However, Marx deliberately chose not to call this the “law of the falling rate of profit” but merely the “law of the falling tendency in the rate of profit” (an odd formulation since something must either be a law or tendency but not both, but this was taken from one of Marx’s unedited papers). This was because he knew that other factors than technological advance could affect the outcome and that it could not be assumed that these would always be constant (as “the law of the tendency” as stated above assumed). Marx went on to list various “counter-tendencies”. Two in particular stand out.
The first is what he called the “cheapening of the elements of constant capital”, by which he meant factories, machinery, etc, and the ways of using and organising their use, becoming cheaper than previously. For instance, technical advance need not necessarily translate itself into C rising faster than V and would not if the inventions and innovations were more “capital saving” than “labour saving”. C could also rise less than V for non-technological reasons such as falls in raw material and energy prices due to market conditions.
The second was an increase in the rate of exploitation (S/V), i. e., the amount of surplus value produced per unit of productive wage labour. This in fact is another consequence of technical advance and indeed, under capitalism, is precisely why technical inventions and innovations are introduced, the capitalist class waging a non-stop class war against the working class to increase the amount of surplus value extracted from their labour—what might be called the “law of the rising tendency of the rate of exploitation” or indeed even the “law of the rising rate of exploitation”.
It should be clear that if C does not increase faster than V and/or if S (the amount of surplus value) increases, then (other factors remaining the same) the rate of profit (S/C + V) will not fall. Which means that, in the world of real capitalism, the outcome of these tendencies and counter-tendencies cannot be predicted in advance. As the authors put it:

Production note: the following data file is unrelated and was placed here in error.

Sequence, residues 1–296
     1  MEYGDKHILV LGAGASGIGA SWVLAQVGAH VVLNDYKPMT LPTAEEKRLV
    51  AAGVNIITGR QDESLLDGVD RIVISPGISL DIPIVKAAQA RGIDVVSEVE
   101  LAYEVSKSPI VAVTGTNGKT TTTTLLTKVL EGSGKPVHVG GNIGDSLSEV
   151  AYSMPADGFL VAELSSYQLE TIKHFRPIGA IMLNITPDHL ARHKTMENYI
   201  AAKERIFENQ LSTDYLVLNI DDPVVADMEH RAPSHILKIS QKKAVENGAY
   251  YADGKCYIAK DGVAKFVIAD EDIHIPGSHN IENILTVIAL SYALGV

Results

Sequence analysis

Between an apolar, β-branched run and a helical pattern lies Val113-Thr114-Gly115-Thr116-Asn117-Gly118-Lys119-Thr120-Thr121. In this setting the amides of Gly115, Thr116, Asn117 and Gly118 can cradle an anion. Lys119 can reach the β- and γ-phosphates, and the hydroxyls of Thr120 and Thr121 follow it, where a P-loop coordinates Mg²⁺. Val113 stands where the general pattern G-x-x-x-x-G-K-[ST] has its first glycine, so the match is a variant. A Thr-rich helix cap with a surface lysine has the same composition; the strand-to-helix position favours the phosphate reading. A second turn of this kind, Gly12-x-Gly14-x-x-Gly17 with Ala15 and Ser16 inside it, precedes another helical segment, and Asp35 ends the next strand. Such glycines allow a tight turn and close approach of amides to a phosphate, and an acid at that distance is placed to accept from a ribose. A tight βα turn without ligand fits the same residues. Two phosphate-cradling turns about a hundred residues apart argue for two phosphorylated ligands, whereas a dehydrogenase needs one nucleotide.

“. . . the Marxist ‘law of the falling tendency’ in the rate of profit, although logically sound, is not a theoretical reflexion of the actual trend of the rate of profit . . . it applies under certain conditions . . . that may well not exist in a given capitalist society. Furthermore, it influences the rate of profit along with a variety of other factors not directly associated with technological innovation, factors which Marx considered to remain constant when presenting his ‘law’. This means that a falling profit rate in a given capitalist economy over a time period, which may be established on the basis of concrete empirical analysis, can be due to factors other than those related with technical innovation and the ‘law of the falling tendency’, which means that a further investigation will be necessary, if one wants to locate the exact causes of the profit rate’s course” (pp. 155-156).
The authors take the same approach to the reason for economic crises under capitalism to reject the same views held by some in the Marxist tradition as we do:
“Crises are conjunctural suspensions of the conditions for unimpeded reproduction of total social capital. They constitute transitory manifestations of the internal contradictions of capitalism and not permanently operative causal relationships inherently governing capitalist relations (a permanent deficiency in consuming power as against production, or the ever acting ‘law of the falling tendency in the profit rate’)” (pp. 182-3).
We are obliged to add that chapter 4 on “The Question of ‘Commodity Fetishism’“ is both confused and confusing and detracts from the rest of the book. In fact, when the authors venture into philosophical matters they follow too much the theories of the now completely discredited French philosopher, Louis Althusser, who ended up murdering his wife and confessing that the only work by Marx he had read properly was his journalistic The Eighteenth Brumaire of Louis Napoleon. There is also a hint, at the very end of Chapter 3, that the authors could think that the banking system has the power to “create” a “volume of credit . . .which constitutes a multiple of all forms of liquid assets and reserves”. If this were true—that the banks can lend out more, much more than what has been deposited with them – then it wouldn’t be true that labour is the sole source of newly created value. Not only Marx but the Classics Smith and Ricardo too would have been mistaken.